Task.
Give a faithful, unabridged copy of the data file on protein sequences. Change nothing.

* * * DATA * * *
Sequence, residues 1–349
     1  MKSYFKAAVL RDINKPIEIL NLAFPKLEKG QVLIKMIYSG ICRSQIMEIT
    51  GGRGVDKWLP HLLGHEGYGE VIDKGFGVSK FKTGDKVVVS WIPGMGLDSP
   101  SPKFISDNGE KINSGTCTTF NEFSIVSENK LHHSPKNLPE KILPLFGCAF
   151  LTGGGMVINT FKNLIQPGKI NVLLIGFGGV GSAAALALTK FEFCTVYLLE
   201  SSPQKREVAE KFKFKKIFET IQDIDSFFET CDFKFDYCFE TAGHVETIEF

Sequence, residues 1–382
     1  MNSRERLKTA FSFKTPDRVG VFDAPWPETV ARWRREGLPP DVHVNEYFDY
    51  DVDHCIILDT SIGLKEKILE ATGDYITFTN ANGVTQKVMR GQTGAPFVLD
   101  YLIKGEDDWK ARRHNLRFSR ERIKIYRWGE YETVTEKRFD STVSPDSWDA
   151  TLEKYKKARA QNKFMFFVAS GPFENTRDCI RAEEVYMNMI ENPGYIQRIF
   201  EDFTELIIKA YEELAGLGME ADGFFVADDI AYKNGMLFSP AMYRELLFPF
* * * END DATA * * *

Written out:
Sequence, residues 1–349
     1  MKSYFKAAVL RDINKPIEIL NLAFPKLEKG QVLIKMIYSG ICRSQIMEIT
    51  GGRGVDKWLP HLLGHEGYGE VIDKGFGVSK FKTGDKVVVS WIPGMGLDSP
   101  SPKFISDNGE KINSGTCTTF NEFSIVSENK LHHSPKNLPE KILPLFGCAF
   151  LTGGGMVINT FKNLIQPGKI NVLLIGFGGV GSAAALALTK FEFCTVYLLE
   201  SSPQKREVAE KFKFKKIFET IQDIDSFFET CDFKFDYCFE TAGHVETIEF

Sequence, residues 1–382
     1  MNSRERLKTA FSFKTPDRVG VFDAPWPETV ARWRREGLPP DVHVNEYFDY
    51  DVDHCIILDT SIGLKEKILE ATGDYITFTN ANGVTQKVMR GQTGAPFVLD
   101  YLIKGEDDWK ARRHNLRFSR ERIKIYRWGE YETVTEKRFD STVSPDSWDA
   151  TLEKYKKARA QNKFMFFVAS GPFENTRDCI RAEEVYMNMI ENPGYIQRIF
   201  EDFTELIIKA YEELAGLGME ADGFFVADDI AYKNGMLFSP AMYRELLFPF